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Canadian Urbanism Uncovered

LORINC: Rossi’s disingenuous term limits

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I’ve spent the past three weeks mercifully out of earshot of Toronto’s 2010 election follies. But a quick scan of recent events suggests to me that the campaign has yet to emerge from the rhetorical basement.

Exhibit A: Rocco Rossi’s new and improved election strategy. Perhaps he’s got a very mischievous sense of humour, but it strikes me as rich indeed that Rossi would come out in favour of term limits — an idea that has never had much purchase in Canadian political culture — during the same week when he unveiled the retiring Mike Feldman as part of his buffed up campaign team.

The target of Rossi’s pledge was almost certainly Howard Moscoe, who many think overstayed his welcome. But Feldman is surely also a poster child for term limits, having served since 1992, with not a great deal to show for his efforts. He’s a businessman who retired into politics and stuck it out for six consecutive terms, serving mostly as a cheering section for Mel Lastman, another inductee to the term limits hall of shame. By Rossi’s own proposed standard — a maximum twelve-year run for councillors — Feldman, as of 2010, is six years past his best-before date.

What’s more, inherent in Rossi’s pledge is a pointed critique of Mississauga’s mayor-for-life Hazel McCallion. If memory serves, Rossi made a great big deal of sidling up to McCallion at an event early in the campaign, touting her support for his naïve plan for a GTA-wide economic development agency. With the embattled Mrs. McCallion twisting in the wind at the inquiry into her son’s business dealings, I guess it’s easier now for Rossi to impose a very short-horizon term limit on her implicit endorsement.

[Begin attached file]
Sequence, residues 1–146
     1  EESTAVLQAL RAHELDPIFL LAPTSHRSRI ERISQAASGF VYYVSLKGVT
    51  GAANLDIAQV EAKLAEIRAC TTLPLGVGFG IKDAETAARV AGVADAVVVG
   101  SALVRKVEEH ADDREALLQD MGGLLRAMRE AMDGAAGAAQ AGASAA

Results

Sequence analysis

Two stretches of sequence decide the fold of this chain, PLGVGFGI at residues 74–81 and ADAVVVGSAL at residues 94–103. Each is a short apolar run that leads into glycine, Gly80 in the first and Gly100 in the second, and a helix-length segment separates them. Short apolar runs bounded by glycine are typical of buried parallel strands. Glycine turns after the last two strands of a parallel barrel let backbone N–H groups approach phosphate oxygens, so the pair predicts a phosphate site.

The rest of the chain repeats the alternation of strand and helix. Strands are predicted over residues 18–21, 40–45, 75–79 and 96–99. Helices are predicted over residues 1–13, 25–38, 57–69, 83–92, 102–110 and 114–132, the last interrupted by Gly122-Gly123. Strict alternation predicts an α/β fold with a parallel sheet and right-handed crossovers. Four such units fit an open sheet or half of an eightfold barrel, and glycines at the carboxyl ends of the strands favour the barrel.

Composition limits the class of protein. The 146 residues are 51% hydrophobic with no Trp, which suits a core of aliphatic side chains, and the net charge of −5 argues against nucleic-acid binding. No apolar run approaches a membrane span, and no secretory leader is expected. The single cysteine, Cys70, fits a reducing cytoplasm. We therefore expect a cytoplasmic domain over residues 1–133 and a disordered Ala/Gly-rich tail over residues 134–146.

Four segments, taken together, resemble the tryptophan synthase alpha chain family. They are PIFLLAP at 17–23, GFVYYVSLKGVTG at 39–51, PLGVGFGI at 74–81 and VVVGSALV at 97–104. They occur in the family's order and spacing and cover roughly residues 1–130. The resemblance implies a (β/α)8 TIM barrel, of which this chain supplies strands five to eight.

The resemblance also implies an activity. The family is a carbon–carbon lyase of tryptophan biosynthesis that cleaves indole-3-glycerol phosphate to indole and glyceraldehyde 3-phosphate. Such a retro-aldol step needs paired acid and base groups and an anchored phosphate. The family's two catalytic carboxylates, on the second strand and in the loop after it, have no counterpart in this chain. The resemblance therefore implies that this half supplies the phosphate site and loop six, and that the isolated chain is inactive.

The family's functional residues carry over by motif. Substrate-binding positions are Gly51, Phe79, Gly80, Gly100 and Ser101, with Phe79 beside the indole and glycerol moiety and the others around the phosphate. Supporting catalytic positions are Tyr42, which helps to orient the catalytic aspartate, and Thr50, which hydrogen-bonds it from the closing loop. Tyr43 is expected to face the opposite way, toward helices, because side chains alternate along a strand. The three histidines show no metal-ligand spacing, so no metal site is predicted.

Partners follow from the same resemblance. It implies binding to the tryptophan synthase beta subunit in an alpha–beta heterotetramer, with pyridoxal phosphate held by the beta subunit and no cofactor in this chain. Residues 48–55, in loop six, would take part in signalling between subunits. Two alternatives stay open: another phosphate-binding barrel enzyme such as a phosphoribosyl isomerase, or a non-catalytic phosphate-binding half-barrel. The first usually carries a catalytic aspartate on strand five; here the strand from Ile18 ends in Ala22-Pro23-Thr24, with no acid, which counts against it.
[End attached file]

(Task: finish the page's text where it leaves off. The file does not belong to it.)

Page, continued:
As we continue our stroll through Rossi’s expanded entourage, we encounter figures like long-time lobbyist Bernie Morton and the inestimable Warren Kinsella. In a previous life, he spun for former prime minister Jean Chretien, who represented the good people of Saint-Maurice through almost four decades in the House of Commons, except for a seven-year hiatus on Bay Street. So I’m guessing we won’t be hearing Kinsella’s candid views on term limits between now and October 26th.

Touting the case for term limits, Rossi waxed eloquent about the importance of injecting new ideas into the maw of City Hall. Fair enough, but let’s probe this one a bit more thoroughly before accepting it as received wisdom.

As part of his announcement, Rossi touted the results of an apparently independent poll commissioned by one Victor Pappalardo. It found that 73% of Torontonians support such electoral reforms.

Pappalardo, as it happens, is no Johnny-come-lately to local politics, a detail most of the media coverage failed to mention. He’s a one-time baggage handler turned aviation entrepreneur who ran Porter Air’s down-market predecessor, City Express, during the mid-1980s — a very heady period for the island airport.

At the time, he bankrolled a study calling on city and the Toronto Harbour Commission to construct a vehicular tunnel under the Western Gap to improve access to a facility then serving hundreds of thousands of short-haul travellers.

Could it be that Pappalardo’s sudden re-emergence means he’s angling to get back into the newly profitable airport aviation game?

In fact, by a truly amazing coincidence, Rossi, earlier this year, came out in favour of…a tunnel under the Western Gap to, well, you know the rest.

The moral of our story: there can be no terms limits on really great ideas.

photo by Kevin Steele



  1. I think term limits are a good idea – I think after 12-16 years you should do something else with your life. Rossi’s motives should not be a reason to discount the need to refresh local politics.

    I think it’s more important to put higher onuses on incumbents. It’s ridiculous that Moscoe and others were able to delay as long as they did in announcing their intention to run again. I’d like to see:

    1. Campaigns to start in April
    2. Incumbents to declare no later than July if they wish to run again
    3. Maximum 4 consecutive terms
    4. Limits on the rolling-over of campaign warchests
    5. Secondment of staff by unions or companies banned

  2. Would Hazel McCallion was mayor of Toronto, instead of Mississauga, would a term limits be also proposed?

  3. Would Hazel McCallion be elected as mayor of Toronto?

    I don’t think there was a whole lot of miraculous governance by McCallion. She had a city that was equipeed with brand-new infrastructure paid for by development fees and the Region of Peel. By a strange conincidence, her retirement will be roughly at the same time as the end of development and the start of a lot of infrastructure upkeep in Mississauga.